The professional eaters at the Weekly review Black-owned restaurants because this publication tends to favor unpretentious local businesses. Much has been made by us (and you) over the years about Madea’s Down-Home Cooking (1019 W. Enon Ave., Everman, 817-551-9295), and Drew’s Place (5701 Curzon Ave., 817-735-4408), which has bounced all over the Fort in the three decades that Drew Thomas has been cooking smothered pork chops and spicy fried catfish. Damian Placide Sr. continues to make Creole magic in the kitchen at Damian’s Cajun Soul Food Café (2001 S.E. Green Oaks Blvd., Ste. 190, Arlington, 817-649-7770). You can find fried catfish and something Cajun daily, but go on Thursdays, when you can also get the smoked meatloaf.

Barbara Renfro was born and raised in Jamaica, and she’s dazzled Arlington palates for better than a decade with authentic island cuisine at Jamaica Gates (1020 W. Arkansas Ln., 817-795-2600). Samson’s Market Bistro (4307 Camp Bowie Blvd., 817-373-5646) continues to flourish in part because of the love that co-owners Samson and Jenber Yosef have for the flavors of their Ethiopian homeland and the ceremony with which they present your beautifully plated food.

Franzon Nwaze parlayed his original Chef Point Café in a gas station in Watauga into a second, more formal location: Chef Point Modern Bar and Grill (5220 Hwy. 121, Colleyville, 817-482-5030). You’ll find mac ’n’ cheese and stuffed pork chops on the menu along with veal osso buco and lobster bisque.

Which brings me to a point: Black chefs can specialize in any cuisine they choose. Fried, baconated, and covered in gravy with a side of greens and yams? No problem. But let people cook what they want to, not what you think they should. See also Chef Keith Hicks of Ovation (of blessed memory) and Buttons (of blessed memory). His name’s synonymous with old-school Southern comfort food, but at Ovation, he dabbled in Italian cuisine and the fine art of White Castle burger mimicry (“All That Jazz,” September 5, 2007).

Tareka Lofton of Loft22 Cakes (106 E. Daggett Ave., 682-841-1771) was carving a niche creating gourmet wedding cakes when COVID hit. Lofton enjoyed a good 15 minutes of fame when she created a layered “Quarantine Cake” that looked like a roll of toilet paper –– the delicacy garnered her national recognition. My birthday week coincided with Breonna Taylor’s birthday on June 5. I wouldn’t have known this, except for the fact that the Louisville EMT was shot and killed in her own home by police who executed a no-knock warrant for someone who didn’t live there. That weekend, Lofton sold her Blackout Cake (four fancy layers of sumptuously moist chocolate cake with oozy chocolate layers in between, all topped by black chocolate icing) and donated 50% of the proceeds to Black Lives Matter.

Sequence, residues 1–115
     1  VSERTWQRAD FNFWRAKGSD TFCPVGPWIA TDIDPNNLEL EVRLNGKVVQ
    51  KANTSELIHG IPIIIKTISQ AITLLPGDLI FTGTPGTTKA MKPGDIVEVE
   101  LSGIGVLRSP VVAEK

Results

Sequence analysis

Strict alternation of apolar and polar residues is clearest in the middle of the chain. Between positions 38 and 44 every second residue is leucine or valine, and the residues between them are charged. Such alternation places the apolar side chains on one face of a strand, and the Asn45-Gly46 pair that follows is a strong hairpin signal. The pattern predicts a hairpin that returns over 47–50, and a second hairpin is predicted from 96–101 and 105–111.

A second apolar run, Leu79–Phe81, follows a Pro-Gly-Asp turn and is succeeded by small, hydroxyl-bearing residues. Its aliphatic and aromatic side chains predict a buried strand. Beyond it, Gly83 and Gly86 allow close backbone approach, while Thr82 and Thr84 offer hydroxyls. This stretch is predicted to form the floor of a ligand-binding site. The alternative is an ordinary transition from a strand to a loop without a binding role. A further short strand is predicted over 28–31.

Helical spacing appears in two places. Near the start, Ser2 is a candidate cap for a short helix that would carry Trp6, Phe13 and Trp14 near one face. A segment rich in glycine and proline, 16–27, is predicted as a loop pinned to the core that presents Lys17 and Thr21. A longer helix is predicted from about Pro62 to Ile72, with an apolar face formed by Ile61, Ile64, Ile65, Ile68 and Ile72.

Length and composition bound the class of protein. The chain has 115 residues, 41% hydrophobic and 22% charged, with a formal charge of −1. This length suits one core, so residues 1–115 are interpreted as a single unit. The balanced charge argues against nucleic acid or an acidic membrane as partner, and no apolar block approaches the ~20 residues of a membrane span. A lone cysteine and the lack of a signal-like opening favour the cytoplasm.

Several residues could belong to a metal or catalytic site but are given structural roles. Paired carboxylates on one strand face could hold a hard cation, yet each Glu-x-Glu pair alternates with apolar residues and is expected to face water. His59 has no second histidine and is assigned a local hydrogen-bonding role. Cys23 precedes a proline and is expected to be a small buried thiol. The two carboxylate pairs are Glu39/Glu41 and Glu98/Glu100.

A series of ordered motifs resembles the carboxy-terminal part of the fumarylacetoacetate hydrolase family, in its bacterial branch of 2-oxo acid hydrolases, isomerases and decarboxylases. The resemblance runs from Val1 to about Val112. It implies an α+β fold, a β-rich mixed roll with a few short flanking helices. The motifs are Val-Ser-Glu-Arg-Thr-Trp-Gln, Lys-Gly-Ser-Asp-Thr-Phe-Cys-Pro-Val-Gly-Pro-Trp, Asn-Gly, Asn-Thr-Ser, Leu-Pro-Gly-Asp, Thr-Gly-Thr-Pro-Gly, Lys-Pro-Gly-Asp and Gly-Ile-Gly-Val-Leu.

More recently, I’ve fallen in love with Black Coffee (1417 Vaughn Blvd., 817-782-9867). It’s the only business of its kind near Texas Wesleyan University, and owner Mia Moss has done her best creating a space for the community to gather.

Not wanting to rely on my own knowledge, I asked around. Lauren Phillips is a coworker at my other freelance side hustle and is relatively new to town. Her picks also include Smoke-a-Holics (1417 Evans Ave., 817-386-5658), where she singled out the smoked leg quarters and mac ’n’ cheese, and Carpenter’s Café (1116 Pennsylvania Ave., 682-499-8630), where she said the Southern Slapped Garden Salad, with its scoop of smoky chicken salad, is hard to pass up. Ooowwweee Wangz and Catfish (3951 Sycamore School Rd., Ste. 117, 817-294-7777) has a backstory that resonates with us in the Fort: Co-owners Matt and Martha left their day jobs to pursue their love of food. And Lauren reminded me about Dough Boy Doughnuts (4910 Camp Bowie Blvd., 682-841-7797), home of the Fruity Pebbles donut and the donut breakfast sandwich.

If you’re interested in home meal delivery, check out personal chef Scotty Scott’s Cook, Drank, Eat (Cookdrankeat.com). If you want to learn more about local Black history and our chefs, check out the woman-owned Soul of DFW (Soulofdfw.com/tours). Co-owners Deah Berry Mitchell and Dalila Thomas list their favorite places on the website.

Finally, you can support Black-owned restaurants without sifting through the “all restaurants matter” comments on your local neighborhood Facebook page or reading what a well-meaning white writer has to say about greens. DFW Black Owned Restaurants on Facebook provides enthusiastic reviews along with pictures of the food –– without the side of imperialism and discord.

UPDATE: A reader recently questioned the statements about the willingness of Fort Worth Foodies’ founder to create a list of Black-owned restaurants and alleges that the administration of that group charges small business owners to participate in the page. At the time of this writing earlier this week, there was still both pushback from people participating in the page regarding Black-owned restaurants and a map that contained a list (perhaps not a complete one) with locations of Black-owned restaurants.

Any issue of pay-to-play was not essential to the point of the article, that Black restaurants matter. There are numerous competing and overlapping Fort Worth foodie groups available for people to enjoy. Or not. These groups may also have lists that duplicate one another.